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West Moberly First Nation to be compensated over Site C dam

Treaty infringement claim dropped in exchange for compensation
Roller-compacted concrete ramps are removed from the dam core buttress, and insulation is installed on the upstream side of the buttress
Roller-compacted concrete ramps are removed from the Site C dam core buttress, and insulation is installed on the upstream side of the buttress, Fall 2021.

West Moberly First Nation is being offered a settlement package that includes Crown land in compensation for impacts from the Site C dam project.

According to a joint press release issued by the B.C. and Canadian governments and BC Hydro, West Moberly First Nation, a Treaty 8 signatory, is being offered “a partial settlement” that includes land and financial benefits in exchange for dropping a civil suit that the First Nation has against the Site C dam project.

The million-dollar question is how much the settlement is worth, who pays what and whether it will contribute to any escalations of the Site C dam's already bloated price tag of $16 billion?

West Moberly Nation Chief Roland Wilson told Business in Vancouver that the details of the agreement haven’t been fully worked out yet, so it’s hard to put an exact dollar figure on the settlement.

“There’s an ongoing negotiation happening right now, so we don’t know what the end result of this will be,” he said. “The land settlement for Site C is equivalent to what all the other nations have received. There’s a cash compensation piece that equivalent to all the other nations.”

The settlement includes:

  • an impact and benefits agreement between BC Hydro and West Moberly;
  • two agreements between BC Hydro and West Moberly providing West Moberly contracting opportunities; and
  • a tripartite land agreement, between the Province, BC Hydro and West Moberly

As part of the agreement, West Moberly will drop its claim against the Site C dam project and the federal government.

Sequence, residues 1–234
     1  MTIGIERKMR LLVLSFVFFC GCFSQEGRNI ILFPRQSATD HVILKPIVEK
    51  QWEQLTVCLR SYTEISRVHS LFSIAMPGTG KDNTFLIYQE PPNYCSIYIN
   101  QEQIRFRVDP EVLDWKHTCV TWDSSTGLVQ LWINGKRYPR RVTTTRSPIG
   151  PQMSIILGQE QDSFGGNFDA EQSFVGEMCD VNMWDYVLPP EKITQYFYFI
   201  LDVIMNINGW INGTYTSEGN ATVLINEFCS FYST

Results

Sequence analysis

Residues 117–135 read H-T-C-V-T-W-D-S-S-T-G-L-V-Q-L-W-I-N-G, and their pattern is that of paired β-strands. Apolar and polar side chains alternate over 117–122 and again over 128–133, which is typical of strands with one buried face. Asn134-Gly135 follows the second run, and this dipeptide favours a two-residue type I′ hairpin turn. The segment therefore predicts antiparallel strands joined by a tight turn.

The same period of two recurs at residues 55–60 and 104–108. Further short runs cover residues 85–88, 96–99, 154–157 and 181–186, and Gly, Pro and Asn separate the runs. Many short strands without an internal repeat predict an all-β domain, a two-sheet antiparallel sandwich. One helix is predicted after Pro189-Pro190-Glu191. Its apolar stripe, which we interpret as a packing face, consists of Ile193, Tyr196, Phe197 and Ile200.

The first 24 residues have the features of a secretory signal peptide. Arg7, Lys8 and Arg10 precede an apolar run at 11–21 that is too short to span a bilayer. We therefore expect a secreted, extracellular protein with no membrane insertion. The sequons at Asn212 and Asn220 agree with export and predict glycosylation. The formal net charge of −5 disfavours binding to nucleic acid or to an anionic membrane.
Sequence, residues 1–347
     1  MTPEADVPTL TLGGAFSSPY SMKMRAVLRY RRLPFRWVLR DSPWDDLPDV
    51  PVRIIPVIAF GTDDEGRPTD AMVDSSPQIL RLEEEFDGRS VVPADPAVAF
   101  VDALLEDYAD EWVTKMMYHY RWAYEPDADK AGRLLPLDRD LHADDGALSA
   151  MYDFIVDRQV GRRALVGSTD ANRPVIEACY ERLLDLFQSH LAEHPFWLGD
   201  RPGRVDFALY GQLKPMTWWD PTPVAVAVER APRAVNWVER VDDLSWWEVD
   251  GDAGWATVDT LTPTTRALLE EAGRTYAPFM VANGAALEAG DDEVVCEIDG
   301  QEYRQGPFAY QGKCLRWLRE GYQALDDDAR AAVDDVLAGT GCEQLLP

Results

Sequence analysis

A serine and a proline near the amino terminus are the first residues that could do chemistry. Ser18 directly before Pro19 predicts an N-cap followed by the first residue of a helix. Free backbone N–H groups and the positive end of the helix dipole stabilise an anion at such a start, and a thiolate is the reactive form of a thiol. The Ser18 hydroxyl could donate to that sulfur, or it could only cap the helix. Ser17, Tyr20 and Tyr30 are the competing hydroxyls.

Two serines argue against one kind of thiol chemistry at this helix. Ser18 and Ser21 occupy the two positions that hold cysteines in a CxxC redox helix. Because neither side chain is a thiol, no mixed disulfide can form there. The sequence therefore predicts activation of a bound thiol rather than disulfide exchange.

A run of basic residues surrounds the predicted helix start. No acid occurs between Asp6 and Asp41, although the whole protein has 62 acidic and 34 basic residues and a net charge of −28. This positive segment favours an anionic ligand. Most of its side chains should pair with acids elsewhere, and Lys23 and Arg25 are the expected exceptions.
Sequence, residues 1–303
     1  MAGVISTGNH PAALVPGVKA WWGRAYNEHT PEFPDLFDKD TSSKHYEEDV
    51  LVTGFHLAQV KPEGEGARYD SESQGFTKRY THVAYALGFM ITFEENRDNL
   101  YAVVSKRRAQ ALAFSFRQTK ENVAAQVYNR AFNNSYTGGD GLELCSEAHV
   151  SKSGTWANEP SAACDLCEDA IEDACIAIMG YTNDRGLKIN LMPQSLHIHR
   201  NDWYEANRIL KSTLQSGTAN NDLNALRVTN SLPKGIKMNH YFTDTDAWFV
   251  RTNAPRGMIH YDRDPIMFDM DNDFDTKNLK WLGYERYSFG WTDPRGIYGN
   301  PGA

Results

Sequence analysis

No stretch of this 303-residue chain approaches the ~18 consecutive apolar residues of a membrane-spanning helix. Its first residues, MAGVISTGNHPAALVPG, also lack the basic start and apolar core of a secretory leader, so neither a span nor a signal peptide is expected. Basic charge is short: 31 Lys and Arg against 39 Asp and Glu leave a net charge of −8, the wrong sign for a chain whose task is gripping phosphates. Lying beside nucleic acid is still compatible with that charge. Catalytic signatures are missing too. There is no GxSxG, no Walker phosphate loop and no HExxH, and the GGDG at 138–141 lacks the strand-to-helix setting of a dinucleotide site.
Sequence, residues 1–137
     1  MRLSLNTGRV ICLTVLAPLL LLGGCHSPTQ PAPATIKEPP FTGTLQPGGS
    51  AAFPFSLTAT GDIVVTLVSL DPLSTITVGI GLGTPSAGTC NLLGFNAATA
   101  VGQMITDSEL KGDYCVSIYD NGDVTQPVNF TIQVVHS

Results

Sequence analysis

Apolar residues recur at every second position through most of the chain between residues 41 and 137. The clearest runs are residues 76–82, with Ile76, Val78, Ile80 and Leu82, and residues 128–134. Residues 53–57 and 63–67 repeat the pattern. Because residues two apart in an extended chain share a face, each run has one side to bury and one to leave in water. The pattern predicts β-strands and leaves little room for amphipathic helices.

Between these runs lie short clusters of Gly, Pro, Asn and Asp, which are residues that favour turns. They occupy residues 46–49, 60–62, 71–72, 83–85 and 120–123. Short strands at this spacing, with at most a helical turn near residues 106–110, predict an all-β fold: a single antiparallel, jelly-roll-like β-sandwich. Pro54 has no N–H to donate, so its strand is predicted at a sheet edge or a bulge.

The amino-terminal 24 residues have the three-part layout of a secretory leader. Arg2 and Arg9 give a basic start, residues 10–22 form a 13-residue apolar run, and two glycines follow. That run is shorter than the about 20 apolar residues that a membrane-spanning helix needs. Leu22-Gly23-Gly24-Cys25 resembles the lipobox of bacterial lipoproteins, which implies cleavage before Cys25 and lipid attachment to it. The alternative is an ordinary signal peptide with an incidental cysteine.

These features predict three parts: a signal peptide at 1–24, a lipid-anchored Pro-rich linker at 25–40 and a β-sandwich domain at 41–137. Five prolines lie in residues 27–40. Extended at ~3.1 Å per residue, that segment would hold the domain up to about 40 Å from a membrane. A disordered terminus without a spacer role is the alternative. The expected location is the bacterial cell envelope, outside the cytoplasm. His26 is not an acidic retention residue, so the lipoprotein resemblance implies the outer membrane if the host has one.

The West Moberly claim that the Site C dam and other dam projects on the Peace River constitute an infringement on their treaty rights.

Wilson blames the creation of the Williston reservoir for the W.A.C. Bennett dam for declining caribou populations in the area, and the loss of fishing.

"We haven't been able to hunt the caribou for quite a few years now," Wilson said. "That's a direct infringement."

As part of the settlement, West Moberly agrees to “pause” its claim against the provincial government and “place it in abeyance.”

“These agreements are an important step in advancing this relationship between West Moberly First Nations and BC Hydro as we move away from litigation,” said BC Hydro CEO Chris O’Riley.

West Moberly lost a judicial review in 2015 aimed at halting the Site C dam project, underscoring the fact that governments are allowed to infringe treaties for projects deemed to be in the public's interest.

However, First Nations can sue if they feel they have not been properly compensated for those infringements, which is what West Moberly did. But rather than continue to seek compensation through the courts, West Moberly agreed to a negotiated settlement.

"The decision to settle this part of the court case was taken with a heavy heart and with serious considerations of the best interests of our community," Wilson said.

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